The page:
Tesa Meters, Inc.
Fort Lauderdale, FL 33335
Dear Mr. Jaquith:
This responds to your request for an interpretation of how NHTSA would classify your three wheeled motor vehicle, which is designed for mobility impaired drivers. As explained below, we concur with your opinion that your motor vehicle is a motorcycle.
Your letter explains that you are developing a Aspecialized vehicle for the wheel chair [sic] bound handicapped.@ Because of "the variable medical limitation" of your potential customers, each vehicle must be customized to the driver Aand would be a very limited production.@ The vehicle would have three wheels. Entry into and operation of your vehicle would be from a wheelchair. The vehicle's top speed would be limited to 39 miles per hour.
You informed Dorothy Nakama of my staff that your vehicle would be electrically powered and would not include a seat for the driver (because it is intended to be driven from a wheelchair). You further stated that although the vehicle will have no handlebars, it will be driven by a steering wheel and by a bar that can be manually pushed forward or back to regulate vehicle speed.
By way of background information, this agency has the authority under Federal law to issue Federal motor vehicle safety standards and related regulations applicable to new motor vehicles and new items of motor vehicle equipment. Vehicle and equipment manufacturers are responsible for "self-certifying" that their products comply with all applicable standards. They must also ensure that their products are free of safety-related defects. Once the vehicle or equipment is sold to the first retail customer, the product is no longer subject to the Federal safety standards and instead becomes subject to state law.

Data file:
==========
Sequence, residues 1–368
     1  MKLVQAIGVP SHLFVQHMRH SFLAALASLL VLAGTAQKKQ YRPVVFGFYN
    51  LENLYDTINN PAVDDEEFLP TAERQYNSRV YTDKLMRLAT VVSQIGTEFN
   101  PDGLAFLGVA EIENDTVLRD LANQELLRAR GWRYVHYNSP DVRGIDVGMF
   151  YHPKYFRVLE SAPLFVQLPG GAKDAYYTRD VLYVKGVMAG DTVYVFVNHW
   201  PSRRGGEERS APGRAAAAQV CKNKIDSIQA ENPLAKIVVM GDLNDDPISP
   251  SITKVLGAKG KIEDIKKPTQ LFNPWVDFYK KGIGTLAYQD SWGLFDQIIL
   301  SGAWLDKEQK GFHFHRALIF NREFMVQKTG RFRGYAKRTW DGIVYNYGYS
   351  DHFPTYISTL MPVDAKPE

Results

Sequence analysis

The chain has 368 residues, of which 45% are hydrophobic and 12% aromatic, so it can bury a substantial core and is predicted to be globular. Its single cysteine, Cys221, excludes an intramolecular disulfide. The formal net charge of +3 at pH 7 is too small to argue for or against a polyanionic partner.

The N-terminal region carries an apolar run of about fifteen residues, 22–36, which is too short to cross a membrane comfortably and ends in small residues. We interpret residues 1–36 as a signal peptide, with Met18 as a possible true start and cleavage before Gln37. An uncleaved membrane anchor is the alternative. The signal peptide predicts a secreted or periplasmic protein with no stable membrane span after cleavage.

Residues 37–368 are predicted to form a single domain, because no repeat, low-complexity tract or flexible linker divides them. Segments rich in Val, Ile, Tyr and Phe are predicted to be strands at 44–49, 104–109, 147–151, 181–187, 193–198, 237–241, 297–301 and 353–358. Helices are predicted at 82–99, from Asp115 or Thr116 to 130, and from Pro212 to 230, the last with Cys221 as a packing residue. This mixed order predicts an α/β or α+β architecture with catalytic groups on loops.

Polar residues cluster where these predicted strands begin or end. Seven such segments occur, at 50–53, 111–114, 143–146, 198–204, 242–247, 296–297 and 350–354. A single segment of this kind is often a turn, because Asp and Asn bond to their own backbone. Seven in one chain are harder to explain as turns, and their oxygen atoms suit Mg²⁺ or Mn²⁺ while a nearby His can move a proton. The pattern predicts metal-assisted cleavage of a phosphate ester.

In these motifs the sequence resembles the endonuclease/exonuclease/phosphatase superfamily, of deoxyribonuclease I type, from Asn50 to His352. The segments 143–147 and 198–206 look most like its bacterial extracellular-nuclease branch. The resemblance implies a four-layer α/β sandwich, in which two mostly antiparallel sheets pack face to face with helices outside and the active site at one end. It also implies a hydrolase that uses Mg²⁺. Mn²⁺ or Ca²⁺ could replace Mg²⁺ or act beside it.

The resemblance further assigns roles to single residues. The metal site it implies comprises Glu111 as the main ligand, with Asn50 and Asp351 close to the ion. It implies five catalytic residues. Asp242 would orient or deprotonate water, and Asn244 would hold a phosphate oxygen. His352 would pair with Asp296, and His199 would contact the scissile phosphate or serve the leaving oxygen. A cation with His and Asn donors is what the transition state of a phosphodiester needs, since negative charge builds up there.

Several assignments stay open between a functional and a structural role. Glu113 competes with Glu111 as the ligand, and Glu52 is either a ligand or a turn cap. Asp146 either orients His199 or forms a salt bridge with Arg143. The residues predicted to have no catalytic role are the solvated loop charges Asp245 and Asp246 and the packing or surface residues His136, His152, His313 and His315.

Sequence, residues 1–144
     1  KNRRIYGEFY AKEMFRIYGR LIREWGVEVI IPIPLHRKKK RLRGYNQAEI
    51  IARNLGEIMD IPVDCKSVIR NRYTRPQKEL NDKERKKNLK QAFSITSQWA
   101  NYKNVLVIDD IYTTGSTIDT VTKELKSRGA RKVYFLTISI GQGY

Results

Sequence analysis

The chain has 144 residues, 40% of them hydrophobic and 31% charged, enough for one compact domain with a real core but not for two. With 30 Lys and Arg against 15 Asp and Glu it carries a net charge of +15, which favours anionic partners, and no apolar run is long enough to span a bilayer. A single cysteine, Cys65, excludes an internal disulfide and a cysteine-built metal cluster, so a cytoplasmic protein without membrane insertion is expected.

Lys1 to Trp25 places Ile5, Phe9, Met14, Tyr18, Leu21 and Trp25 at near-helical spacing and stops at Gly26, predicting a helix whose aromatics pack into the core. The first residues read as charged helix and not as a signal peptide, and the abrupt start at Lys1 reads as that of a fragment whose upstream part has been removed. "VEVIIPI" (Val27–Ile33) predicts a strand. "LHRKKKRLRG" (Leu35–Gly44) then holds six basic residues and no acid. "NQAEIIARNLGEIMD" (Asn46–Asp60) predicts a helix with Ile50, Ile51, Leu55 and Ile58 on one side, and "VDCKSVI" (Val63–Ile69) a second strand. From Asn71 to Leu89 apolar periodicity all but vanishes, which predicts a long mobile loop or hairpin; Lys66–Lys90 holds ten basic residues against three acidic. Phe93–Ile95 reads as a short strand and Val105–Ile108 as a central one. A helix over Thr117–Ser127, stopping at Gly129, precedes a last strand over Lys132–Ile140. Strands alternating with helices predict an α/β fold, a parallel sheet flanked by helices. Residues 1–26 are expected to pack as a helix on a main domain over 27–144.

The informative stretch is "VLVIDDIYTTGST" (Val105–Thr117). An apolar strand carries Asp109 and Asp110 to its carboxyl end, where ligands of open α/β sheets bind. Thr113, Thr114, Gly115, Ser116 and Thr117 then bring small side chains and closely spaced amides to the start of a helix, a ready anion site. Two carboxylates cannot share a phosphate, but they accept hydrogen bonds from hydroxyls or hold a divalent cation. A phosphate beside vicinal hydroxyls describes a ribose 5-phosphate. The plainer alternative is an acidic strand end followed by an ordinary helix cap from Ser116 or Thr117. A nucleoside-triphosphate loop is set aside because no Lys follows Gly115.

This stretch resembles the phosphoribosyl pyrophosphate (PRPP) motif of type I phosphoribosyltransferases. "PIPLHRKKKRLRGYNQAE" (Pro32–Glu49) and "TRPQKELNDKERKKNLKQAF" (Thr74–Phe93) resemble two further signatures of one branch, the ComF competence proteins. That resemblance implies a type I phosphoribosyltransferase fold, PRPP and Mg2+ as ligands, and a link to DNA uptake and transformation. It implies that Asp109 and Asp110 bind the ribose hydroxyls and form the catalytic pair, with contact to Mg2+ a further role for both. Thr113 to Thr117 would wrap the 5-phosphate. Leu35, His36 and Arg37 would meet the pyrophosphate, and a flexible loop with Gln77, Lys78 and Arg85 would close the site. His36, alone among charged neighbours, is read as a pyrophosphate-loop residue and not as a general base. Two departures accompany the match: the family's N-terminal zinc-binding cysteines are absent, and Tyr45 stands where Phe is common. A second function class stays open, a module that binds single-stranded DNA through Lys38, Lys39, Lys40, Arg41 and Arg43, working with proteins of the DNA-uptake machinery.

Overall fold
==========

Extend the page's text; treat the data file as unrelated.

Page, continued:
For the purposes of the Federal motor vehicle safety standards, NHTSA defines "motorcycle" as (49 CFR '571.3):
a motor vehicle with motive power having a seat or saddle for the use of the rider and designed to travel on not more than three wheels in contact with the ground.
Your vehicle is a motorcycle because it has not more than three wheels. NHTSA considers the wheelchair seat that the driver sits in to be the functional equivalent of the "seat or saddle for the use of the rider."
Your vehicle must meet all safety standards applicable to motorcycles. However, I note that since your vehicle has no handlebars, it need not meet FMVSS No. 123, Motorcycle controls and displays, which applies to motorcycles equipped with handlebars. There are additional NHTSA requirements your company, the motorcycle manufacturer must meet. I am enclosing a copy of our fact sheet "Information for New Manufacturers of Motor Vehicles and Motor Vehicle Equipment," and another sheet that explains how NHTSA's regulations may be ordered.
A new manufacturer must submit certain identifying information to NHTSA in accordance with 49 CFR part 566, Manufacturer Identification (copy enclosed). The manufacturer must also meet 49 CFR part 567, Certification, and place on the motorcycle a label with information specified in 49 CFR section 567.4.
I hope this information is helpful. If you need any further information, please contact Dorothy Nakama of my staff at this address or at (202) 366-2992.
Samuel J. Dubbin Chief Counsel
ref:571.3 "motorcycle" d:5/3/96